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Mayuree Rao et al, “Do healthier foods and diet patterns cost more than less healthy options? A systematic review and meta-analysis”, BMJ Open. 2013 Dec 5;3(12):e004277. doi: 10.1136/bmjopen-2013-004277.


What Food Do You Consider Your Greatest Source of Acrylamide? (Poll)

A recent Q&A discussed the dangers of fried foods and the toxic compound called acrylamide: Do Fried Foods Cause Cancer? Check out the article and tell us which food you eat that is the greatest source of acrylamide.


Reprogramming Inflammation with Meditation

We know that over time chronic, imperceptible, low-level inflammation can contribute to serious, age-related diseases including heart disease, cancer and neurodegenerative conditions such as Alzheimer's and Parkinson's diseases. A new study from the University of Wisconsin shows that meditation can actually affect the genes that cause inflammation. Researchers measured the effects of a day of intensive mindfulness meditation in a group of experienced mediators and compared them with those of quiet, non-meditative activities by a group of untrained volunteers. After eight hours of meditation, the researchers found altered levels of gene-regulating compounds and reduced activity levels of the pro-inflammatory genes in the experienced meditators. These changes were correlated with faster physical recovery from a stressful situation, the investigators explained. They reported that these findings are the first to show that mediation can inhibit production of proteins by some genes that cause inflammation and noted that at the study’s outset there were no differences in the genes tested in both groups. They also reported that the positive changes were seen in genes that are the targets of anti-inflammatory and pain killing drugs.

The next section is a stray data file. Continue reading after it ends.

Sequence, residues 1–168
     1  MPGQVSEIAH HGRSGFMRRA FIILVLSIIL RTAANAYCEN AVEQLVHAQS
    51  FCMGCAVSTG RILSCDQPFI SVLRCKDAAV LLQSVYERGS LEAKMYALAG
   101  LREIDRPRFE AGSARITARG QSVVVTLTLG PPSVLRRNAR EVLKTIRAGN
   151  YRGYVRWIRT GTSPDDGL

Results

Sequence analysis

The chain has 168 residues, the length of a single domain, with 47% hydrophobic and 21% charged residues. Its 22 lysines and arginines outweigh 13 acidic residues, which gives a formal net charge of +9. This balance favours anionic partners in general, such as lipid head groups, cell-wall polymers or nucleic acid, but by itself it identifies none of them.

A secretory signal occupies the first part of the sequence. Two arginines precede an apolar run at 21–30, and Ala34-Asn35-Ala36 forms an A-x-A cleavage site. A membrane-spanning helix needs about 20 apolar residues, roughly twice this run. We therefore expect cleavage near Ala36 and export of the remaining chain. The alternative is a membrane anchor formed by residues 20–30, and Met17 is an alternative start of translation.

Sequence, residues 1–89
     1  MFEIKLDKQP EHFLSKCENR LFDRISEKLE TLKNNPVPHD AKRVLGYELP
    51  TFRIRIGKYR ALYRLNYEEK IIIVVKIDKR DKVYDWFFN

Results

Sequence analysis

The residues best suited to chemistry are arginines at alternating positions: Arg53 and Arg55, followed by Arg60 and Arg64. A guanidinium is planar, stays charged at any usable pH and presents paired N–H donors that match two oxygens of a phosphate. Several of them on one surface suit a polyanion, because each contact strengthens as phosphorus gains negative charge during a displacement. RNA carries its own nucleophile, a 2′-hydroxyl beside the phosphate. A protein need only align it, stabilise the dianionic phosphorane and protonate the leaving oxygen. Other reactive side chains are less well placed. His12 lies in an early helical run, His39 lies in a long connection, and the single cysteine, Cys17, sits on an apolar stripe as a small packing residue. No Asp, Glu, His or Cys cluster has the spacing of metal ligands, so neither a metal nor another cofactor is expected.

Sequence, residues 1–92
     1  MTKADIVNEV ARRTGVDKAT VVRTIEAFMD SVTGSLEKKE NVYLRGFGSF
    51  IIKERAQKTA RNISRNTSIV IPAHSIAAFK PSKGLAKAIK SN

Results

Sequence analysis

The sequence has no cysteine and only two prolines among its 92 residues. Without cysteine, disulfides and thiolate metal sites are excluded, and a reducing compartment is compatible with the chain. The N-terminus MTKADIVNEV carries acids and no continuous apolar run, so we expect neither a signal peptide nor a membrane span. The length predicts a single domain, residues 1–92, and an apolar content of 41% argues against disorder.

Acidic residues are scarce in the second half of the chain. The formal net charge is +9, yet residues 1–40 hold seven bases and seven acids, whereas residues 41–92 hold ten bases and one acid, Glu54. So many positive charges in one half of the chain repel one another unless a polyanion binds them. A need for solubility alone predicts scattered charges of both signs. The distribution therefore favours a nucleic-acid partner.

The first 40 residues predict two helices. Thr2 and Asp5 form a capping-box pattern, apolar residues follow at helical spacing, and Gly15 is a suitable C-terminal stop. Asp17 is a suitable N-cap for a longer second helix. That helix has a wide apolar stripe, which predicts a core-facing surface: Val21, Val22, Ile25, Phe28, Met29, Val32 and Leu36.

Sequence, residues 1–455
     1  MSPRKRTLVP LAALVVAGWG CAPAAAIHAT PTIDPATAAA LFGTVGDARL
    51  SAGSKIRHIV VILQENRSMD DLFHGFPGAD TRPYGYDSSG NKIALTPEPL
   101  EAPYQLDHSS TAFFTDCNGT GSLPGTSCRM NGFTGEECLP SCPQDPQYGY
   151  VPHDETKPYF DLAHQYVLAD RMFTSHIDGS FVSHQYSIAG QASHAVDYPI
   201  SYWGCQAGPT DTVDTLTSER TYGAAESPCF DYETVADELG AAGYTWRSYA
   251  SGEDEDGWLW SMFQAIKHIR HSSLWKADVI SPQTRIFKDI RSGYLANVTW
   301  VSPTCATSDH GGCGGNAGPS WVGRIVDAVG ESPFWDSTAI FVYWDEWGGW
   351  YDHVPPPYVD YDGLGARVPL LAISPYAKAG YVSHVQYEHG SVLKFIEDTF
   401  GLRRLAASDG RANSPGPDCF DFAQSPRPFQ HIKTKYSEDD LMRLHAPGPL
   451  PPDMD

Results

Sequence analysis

Perla Kaliman et al, “Rapid changes in histone deacetylases and inflammatory gene expression in expert meditators”. Psychoneuroendocrinology, 40, 96–107